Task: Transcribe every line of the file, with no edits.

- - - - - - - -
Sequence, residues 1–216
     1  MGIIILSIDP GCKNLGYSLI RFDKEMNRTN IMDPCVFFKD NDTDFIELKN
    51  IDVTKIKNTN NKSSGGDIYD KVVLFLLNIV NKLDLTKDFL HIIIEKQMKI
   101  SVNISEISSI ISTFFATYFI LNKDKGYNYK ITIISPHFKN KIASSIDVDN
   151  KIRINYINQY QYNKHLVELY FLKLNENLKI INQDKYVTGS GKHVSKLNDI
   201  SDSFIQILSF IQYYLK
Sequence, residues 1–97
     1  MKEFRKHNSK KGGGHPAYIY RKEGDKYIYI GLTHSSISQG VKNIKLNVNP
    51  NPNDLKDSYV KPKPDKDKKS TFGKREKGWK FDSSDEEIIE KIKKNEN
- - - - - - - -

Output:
Sequence, residues 1–216
     1  MGIIILSIDP GCKNLGYSLI RFDKEMNRTN IMDPCVFFKD NDTDFIELKN
    51  IDVTKIKNTN NKSSGGDIYD KVVLFLLNIV NKLDLTKDFL HIIIEKQMKI
   101  SVNISEISSI ISTFFATYFI LNKDKGYNYK ITIISPHFKN KIASSIDVDN
   151  KIRINYINQY QYNKHLVELY FLKLNENLKI INQDKYVTGS GKHVSKLNDI
   201  SDSFIQILSF IQYYLK
Sequence, residues 1–97
     1  MKEFRKHNSK KGGGHPAYIY RKEGDKYIYI GLTHSSISQG VKNIKLNVNP
    51  NPNDLKDSYV KPKPDKDKKS TFGKREKGWK FDSSDEEIIE KIKKNEN